“Our work went on network television. What we were saying to black people, we were saying in the presence of a white audience. That’s what made a difference,” Burrell continued. With that statement made to the public at large, McBain set the tone for what Counts called “black-targeted advertizing,” with the ideal to attain being yourself, just as you are.

SkinFood Cosmetics: Sketch created by Emmett McBain. In the late 1960s and early 1970s, beauty products were created specifically for African Americans and given shelf space in major department stores for the first time.

McBain left Burrell McBain in 1974 to pursue an art career, with a desire to uplift the community in a more direct way. “He was not afraid to point out things that he saw,” said Burrell of his business partner. And McBain didn’t shy away from using his craft as a tool for public good either. In fact, it seems that as his career progressed, that become more and more of an imperative to him.

According to the University of Chicago Library, after leaving Burrell McBain, McBain offered his design services to “non-commercial projects, from a journal of African diaspora thought to a local organization supporting the re-integration of former inmates into Chicago's southside community.”

The freedoms that McBain conveyed through his work and that he desired for others seemed to ensure a trajectory that would veer from advertising. “This freedom negated biases, prejudices, phobias, and all the isms that existed during his time and still live today,” Osse said of the philosophy that made McBain who he was.

“Creative Juices,” 1974: Front and back of an invitation to the exhibition for McBain’s arts consultancy The Black Eye. The invitation gives the founding date of The Black Eye as 1935, the year he was born.

We know that advertising isn’t just about selling a product. It’s about selling an idea; a way of life that is associated with the product being submitted to you. As part of a campaign for Beefeater Gin, McBain’s team at Eisaman, Johns & Laws wrote alongside the image of a tree with far-reaching roots that “Most of what we’re made of lies beneath the surface. But, if you have a strong sense of your roots, people will come to see that you really stand for something.”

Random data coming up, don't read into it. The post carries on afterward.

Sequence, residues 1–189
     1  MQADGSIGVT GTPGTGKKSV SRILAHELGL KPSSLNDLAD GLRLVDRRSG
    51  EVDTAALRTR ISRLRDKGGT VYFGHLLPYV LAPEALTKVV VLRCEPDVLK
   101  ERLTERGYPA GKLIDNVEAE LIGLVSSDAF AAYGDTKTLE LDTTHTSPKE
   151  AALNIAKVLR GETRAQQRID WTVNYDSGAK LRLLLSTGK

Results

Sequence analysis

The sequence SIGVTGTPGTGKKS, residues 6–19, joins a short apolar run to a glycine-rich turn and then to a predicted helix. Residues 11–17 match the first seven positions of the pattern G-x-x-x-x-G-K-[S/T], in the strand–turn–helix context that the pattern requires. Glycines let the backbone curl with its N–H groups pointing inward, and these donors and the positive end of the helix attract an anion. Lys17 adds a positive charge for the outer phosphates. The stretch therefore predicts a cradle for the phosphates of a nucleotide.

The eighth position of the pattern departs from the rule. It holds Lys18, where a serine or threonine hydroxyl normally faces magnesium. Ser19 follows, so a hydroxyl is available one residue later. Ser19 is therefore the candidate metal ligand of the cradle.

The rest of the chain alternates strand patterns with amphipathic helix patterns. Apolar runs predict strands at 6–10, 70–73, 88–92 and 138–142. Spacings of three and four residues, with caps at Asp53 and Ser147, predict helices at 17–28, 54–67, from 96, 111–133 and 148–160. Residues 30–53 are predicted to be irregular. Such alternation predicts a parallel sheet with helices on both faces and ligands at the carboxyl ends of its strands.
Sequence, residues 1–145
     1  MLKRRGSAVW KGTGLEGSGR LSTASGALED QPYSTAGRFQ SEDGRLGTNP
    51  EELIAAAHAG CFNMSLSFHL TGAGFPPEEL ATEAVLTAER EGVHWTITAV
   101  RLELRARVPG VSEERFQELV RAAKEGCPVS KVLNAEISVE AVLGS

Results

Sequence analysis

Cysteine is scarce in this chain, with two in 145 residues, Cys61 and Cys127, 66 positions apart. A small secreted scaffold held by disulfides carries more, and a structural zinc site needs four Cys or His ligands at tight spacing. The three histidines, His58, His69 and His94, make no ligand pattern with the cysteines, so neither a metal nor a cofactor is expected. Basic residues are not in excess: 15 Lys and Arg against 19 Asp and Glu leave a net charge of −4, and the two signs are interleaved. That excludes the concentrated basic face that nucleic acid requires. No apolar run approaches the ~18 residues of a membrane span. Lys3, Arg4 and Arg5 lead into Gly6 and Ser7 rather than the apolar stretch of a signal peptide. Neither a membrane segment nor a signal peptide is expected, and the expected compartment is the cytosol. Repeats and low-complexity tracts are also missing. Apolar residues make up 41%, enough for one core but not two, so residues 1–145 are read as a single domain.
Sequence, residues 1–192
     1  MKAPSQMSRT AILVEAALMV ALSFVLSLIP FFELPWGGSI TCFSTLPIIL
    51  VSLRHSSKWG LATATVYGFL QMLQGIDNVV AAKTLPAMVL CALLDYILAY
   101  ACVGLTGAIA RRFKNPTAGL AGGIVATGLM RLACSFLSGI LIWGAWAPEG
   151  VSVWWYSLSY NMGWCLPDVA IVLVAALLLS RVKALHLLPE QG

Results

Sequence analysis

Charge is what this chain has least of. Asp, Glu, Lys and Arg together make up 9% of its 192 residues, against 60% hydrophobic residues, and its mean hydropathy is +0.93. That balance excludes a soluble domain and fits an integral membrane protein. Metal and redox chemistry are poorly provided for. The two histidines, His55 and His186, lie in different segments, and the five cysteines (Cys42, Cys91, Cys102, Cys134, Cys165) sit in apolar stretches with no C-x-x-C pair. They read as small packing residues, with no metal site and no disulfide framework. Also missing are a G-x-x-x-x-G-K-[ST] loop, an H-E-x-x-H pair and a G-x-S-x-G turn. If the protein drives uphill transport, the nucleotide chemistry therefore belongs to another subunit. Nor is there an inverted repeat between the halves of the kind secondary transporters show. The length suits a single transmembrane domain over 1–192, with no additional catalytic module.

That sounds like some damn good gin, but not because we know anything about the taste—because the copy McBain and his team wrote added gravitas to the experience. Yes, this copy was for an advertisement. But you can’t help but find parallels to McBain himself. His personal philosophies were a constant presence in his work—it was that interaction between his personal experience and his professional projects that was his trademark. And so, with a strong sense of his roots, the fact that he stood for something came across every page he produced.

Like “truth,” the concept of “art,” equally evades definition. What makes it so? A technical or visual expertise used in an aim for enlightenment? To appeal to our emotions? Art, produced with our left, creative brain, and divorced from linear concepts of logic, is both a reaction to the time in which it was made and an aim to make us question the beliefs that we’ve inherited. It’s difficult to determine when exactly McBain stopped being an art director and started being an artist. Some might say that art is what you make it. McBain ensured that it made a difference.